Recently, we’ve learned that NBC did not pick up their option on the series “Journeyman.” This doesnt necessarily mean the show is gone, but its more than likely. This news has, of course, brought out the fans in their efforts to “save” the show.
I enjoyed the show, and felt it was smart, well-written sci-fi. The cast did an outstanding job, making the world they live in feel believable. But we have to face the facts that the show did not survive. It bled viewers from the start, and had never been able to hold the audience from its lead-in, “Heroes.” The show may have been too smart for its own good.
But that doesnt stop the determined fans, who even now are sending boxes of Rice-A-Roni to NBC in New York. Why Rice-A-Roni? Because it’s the San Francisco treat, and “Journeyman” is set in San Francisco. It seems like a stretch to me, but hey, I didnt come up with it.
Write-in campaigns to save shows arent new, and even the concept of sending items in to catch the attention of networks executives has been around for a while. But the concept really took hold with the resurrection of CBS post-apocalypse series “Jericho.”
I like “Jericho” and I’m glad to see it back, but at times like these, I wish the campaign had failed. It has only given hope to people. Hope that they can exert some real influence on the networks.
“Jericho” is coming back, and just maybe the campaign helped, but it most certainly wasnt the deciding factor. CBS had mountains of data to analyze to determine that they screwed up with the show.
“Jericho” deserved to survive because it had one thing going for it: It had people watching it. The ratings were strong the first half of the season, but dropped after a two-plus-month hiatus for the winter. A show finding its audience could not survive that, and it didn’t. CBS acknowledges it screwed up.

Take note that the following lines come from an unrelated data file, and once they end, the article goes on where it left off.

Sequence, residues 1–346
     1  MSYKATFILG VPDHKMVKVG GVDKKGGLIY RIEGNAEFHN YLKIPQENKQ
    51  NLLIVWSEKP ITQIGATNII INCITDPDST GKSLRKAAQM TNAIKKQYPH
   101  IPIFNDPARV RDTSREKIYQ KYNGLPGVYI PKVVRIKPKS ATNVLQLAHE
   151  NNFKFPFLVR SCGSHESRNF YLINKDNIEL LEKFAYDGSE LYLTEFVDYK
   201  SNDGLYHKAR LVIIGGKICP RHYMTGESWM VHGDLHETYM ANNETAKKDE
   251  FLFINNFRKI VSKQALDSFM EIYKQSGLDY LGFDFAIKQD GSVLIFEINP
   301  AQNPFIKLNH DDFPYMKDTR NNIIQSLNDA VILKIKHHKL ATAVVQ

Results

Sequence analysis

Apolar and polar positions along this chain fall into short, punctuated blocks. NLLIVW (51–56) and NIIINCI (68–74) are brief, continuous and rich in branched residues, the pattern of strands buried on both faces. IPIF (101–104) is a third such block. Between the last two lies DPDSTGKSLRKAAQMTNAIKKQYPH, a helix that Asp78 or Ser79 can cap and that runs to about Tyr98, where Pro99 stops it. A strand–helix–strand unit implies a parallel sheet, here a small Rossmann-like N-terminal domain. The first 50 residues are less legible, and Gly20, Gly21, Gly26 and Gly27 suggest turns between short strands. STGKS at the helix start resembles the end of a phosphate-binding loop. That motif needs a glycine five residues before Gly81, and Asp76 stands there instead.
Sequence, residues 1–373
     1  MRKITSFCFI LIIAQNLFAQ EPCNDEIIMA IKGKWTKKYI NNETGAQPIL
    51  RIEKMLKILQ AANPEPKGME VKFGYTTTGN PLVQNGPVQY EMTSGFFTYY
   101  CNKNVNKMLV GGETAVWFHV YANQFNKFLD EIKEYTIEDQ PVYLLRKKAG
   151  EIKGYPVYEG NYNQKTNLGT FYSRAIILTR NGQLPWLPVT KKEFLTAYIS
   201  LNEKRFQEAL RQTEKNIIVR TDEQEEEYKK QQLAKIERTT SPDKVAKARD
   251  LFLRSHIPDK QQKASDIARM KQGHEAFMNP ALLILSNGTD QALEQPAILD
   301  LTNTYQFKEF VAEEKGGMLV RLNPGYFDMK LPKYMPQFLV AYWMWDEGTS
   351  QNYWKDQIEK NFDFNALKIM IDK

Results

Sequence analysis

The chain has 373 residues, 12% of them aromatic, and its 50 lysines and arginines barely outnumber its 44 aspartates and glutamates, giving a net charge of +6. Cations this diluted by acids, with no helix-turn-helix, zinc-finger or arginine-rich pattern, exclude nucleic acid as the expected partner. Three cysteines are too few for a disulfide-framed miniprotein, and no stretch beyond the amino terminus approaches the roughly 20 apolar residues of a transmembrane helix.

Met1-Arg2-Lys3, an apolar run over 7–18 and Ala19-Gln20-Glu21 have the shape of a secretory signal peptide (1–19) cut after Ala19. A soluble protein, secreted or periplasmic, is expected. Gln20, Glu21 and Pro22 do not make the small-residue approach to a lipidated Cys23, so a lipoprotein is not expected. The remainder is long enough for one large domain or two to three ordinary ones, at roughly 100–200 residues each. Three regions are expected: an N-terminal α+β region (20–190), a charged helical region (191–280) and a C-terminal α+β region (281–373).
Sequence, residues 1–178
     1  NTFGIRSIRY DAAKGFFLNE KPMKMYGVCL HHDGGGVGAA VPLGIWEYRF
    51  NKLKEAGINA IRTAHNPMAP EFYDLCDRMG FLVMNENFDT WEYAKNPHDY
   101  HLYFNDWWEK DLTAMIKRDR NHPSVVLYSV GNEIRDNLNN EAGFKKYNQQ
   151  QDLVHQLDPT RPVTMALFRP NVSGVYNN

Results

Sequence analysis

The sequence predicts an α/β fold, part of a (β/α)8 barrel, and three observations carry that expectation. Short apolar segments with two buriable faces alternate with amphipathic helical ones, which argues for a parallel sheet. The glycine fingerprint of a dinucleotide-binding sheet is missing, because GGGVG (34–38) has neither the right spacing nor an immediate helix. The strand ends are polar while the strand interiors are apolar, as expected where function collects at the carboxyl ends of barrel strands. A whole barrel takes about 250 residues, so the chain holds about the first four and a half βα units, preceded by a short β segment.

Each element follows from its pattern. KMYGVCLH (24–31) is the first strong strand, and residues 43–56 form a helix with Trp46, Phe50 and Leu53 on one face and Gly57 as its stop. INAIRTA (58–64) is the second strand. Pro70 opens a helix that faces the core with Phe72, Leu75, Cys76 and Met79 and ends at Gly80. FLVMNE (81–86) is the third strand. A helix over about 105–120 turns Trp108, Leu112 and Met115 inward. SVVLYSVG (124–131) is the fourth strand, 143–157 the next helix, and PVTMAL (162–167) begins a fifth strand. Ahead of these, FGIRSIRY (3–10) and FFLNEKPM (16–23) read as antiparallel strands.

“Journeyman” was given every chance to build an audience. But the problem is almost half of the people who watched “Heroes” turned the channel instead of staying for “Journeyman.” For the networks, theres no coming back from that. They didnt pull it too soon, nor did they move the show around their schedule. They kept it stable, and aired all the episodes.
They pre-empted it once, and the show aired in its place pulled better ratings. Given this information, no matter how good a show was, how much entertainment it provided, in a network’s eyes, it doesnt deserve another chance. I have to agree with them.
Ill miss the show, and if by some Christmas miracle it gains a reprieve and stays on the air, Ill watch it. But sometimes you should just let a show die.
If youd like to chat about this column, you can join our message board discussions by clicking here. Ed Left is a columnist for Airlock Alpha, digging out of the snow in Chicago. He also is the Webmaster of Sci-Fi On TV. He can be reached at firstname.lastname@example.org.